My partner and I took a day off and drove to Spokane from Seattle. We arrived downtown on a Sunday afternoon in October and drove around for a while. We got out of the car and walked the streets, taking pictures. The entire city seemed strangely deserted. We were the only people on the streets, and even Riverfront Park was mostly empty. I really got the sense that I was in a dead city, that the apocalypse had happened and we were all alone in the world. It was exactly what I was looking for. We only spent a couple of hours there on that trip, but driving back home it really felt like we were escaping a barren planet and returning to the world …. Now, looking back, I wonder if it was just a strange fluke that we found the city so empty. Maybe there was a big football game going on somewhere, and everyone was at home glued to their TVs.
Anyway, that brief visit really nailed down the sense of place I was looking for. And it gave my writing a huge boost, momentum-wise.
The twisted creatures Dean encounters in Bad Glass are incredibly eerie. Film is generally the medium that people think of them it comes to horror. How do you think literature lends itself to eliciting fear in readers, as opposed to film or television?
That’s a very interesting question, and I’m not really sure I’m qualified to provide an answer. I’ll try – but, yeah, you probably shouldn’t take my answer as the voice of authority here. These are just things I was thinking about while writing Bad Glass.
I think the difference between horror in literature and film is the difference between a descriptive and an experiential medium. In horrific literature, I think you get authors trying to tell you why you should be scared, describing consequences and answering questions. (“You’re being chased by a serial killer, and isn’t that horrifying? He’ll kill you, it’ll hurt, and all your dreams will be extinguished. No more future. And what will that do to your family? Imagine that, internalize that, feel that fear.”) Whereas film, being a visual medium, can’t easily tell you how you should be feeling. In the type of horrific films that I find most effective, there are images and situations that disturb me deeply and I can’t really tell you why. You get things like Jacob’s Ladder, or the work of David Cronenberg or David Lynch, or even The Blair Witch Project — images and events that make you supremely uncomfortable, that tie you up in knots inside – and yet you don’t understand them, at least not on a conscious level. Maybe it resonates deeply, and you end up probing your own mind, looking for answers. Delving into something primal, a place that resists intellectual examination. And that can be a really deep, personal experience. Almost liberating.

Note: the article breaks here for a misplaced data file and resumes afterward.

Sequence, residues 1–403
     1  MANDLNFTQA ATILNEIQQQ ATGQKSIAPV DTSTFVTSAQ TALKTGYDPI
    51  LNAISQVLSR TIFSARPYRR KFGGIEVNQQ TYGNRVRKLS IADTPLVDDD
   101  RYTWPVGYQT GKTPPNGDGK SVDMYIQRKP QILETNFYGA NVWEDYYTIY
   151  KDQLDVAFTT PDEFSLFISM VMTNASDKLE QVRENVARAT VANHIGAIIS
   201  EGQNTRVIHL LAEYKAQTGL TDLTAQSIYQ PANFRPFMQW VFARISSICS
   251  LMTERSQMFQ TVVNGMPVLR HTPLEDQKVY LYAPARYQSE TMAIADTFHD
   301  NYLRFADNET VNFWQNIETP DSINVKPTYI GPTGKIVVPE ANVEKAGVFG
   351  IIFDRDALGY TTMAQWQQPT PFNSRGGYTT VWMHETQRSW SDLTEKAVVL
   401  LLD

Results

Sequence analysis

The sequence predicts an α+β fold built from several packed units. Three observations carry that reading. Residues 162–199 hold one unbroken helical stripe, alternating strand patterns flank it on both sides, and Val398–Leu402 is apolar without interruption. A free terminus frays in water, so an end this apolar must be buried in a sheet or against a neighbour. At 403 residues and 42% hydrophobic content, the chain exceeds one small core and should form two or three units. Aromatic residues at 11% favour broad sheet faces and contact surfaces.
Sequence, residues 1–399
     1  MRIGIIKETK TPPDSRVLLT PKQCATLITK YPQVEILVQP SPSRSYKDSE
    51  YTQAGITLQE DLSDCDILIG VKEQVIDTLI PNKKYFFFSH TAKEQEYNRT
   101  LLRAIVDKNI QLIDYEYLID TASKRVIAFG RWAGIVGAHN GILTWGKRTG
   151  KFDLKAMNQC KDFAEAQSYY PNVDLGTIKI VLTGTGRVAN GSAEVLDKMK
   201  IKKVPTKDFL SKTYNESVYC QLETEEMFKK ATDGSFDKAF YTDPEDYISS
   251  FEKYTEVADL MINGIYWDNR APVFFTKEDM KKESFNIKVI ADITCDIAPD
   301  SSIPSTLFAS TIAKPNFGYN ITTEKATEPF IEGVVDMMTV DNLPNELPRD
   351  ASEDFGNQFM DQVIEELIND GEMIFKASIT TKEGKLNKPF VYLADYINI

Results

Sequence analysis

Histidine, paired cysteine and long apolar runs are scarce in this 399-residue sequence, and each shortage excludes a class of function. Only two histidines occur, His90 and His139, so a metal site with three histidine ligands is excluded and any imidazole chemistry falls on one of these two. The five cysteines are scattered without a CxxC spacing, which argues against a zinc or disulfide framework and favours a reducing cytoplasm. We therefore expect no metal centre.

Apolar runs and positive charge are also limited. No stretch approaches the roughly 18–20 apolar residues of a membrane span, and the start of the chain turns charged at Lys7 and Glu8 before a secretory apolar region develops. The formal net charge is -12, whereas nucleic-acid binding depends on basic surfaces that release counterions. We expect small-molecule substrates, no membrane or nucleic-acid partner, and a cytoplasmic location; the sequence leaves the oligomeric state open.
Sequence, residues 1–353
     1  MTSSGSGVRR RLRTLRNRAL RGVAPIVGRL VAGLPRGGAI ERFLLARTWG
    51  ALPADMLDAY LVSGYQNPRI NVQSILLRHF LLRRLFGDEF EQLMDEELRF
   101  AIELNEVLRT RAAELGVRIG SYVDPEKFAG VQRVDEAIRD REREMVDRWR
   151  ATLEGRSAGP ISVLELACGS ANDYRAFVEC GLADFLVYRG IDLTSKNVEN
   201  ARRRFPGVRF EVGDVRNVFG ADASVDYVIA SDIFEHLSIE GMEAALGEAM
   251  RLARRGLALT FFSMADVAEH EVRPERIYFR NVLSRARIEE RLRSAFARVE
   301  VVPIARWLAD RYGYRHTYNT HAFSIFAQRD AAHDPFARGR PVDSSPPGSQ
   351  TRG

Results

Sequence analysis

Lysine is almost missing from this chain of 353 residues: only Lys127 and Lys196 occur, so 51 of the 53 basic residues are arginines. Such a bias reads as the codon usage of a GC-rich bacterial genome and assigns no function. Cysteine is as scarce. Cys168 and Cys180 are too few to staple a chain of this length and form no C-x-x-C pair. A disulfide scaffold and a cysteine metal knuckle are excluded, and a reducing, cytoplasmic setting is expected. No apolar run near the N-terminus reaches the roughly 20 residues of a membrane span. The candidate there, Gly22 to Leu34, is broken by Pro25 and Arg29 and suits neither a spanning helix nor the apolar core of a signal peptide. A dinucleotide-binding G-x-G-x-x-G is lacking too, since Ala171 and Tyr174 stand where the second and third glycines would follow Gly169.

Not that there isn’t literature that manages to do the exact same thing. I think Mark Z. Danielewski’s House of Leaves does a great job of presenting cinematic horror on the printed page.
In a genre filled with series that sometimes go on for decades, it was refreshing to read a strong standalone novel. Do you have any other plans for future books set in the same world? What can readers expect from you next?
I still think about what’s going on in Spokane (well, my version of Spokane). It’s a big place, and each of its residents seems to have their own dramas, their own stories. So, even though he doesn’t appear in the novel, I know that there’s a disgraced professional baseball player hiding out in the Gonzaga stadium, shooting endless games of H-O-R-S-E. And a serial killer stalking the streets. And a group of children living alone on the Eastside, looking for — and shunning — parents. But the story in Bad Glass is done. Maybe I’ll get back to Spokane in short stories or something, but I’ve got no more novels planned in that universe.
And, at times, that makes me feel supremely stupid! Now I’ve got to go back to square one and sell readers on a brand new premise, a brand new world. Which is daunting… But also pretty exciting.
I’m currently working on a new novel, but it’s still early days yet, so I don’t want to talk about it too much. I will say that it involves film and actors, and I’m currently rewatching all of Twin Peaks. Other than that, it’s all redacted.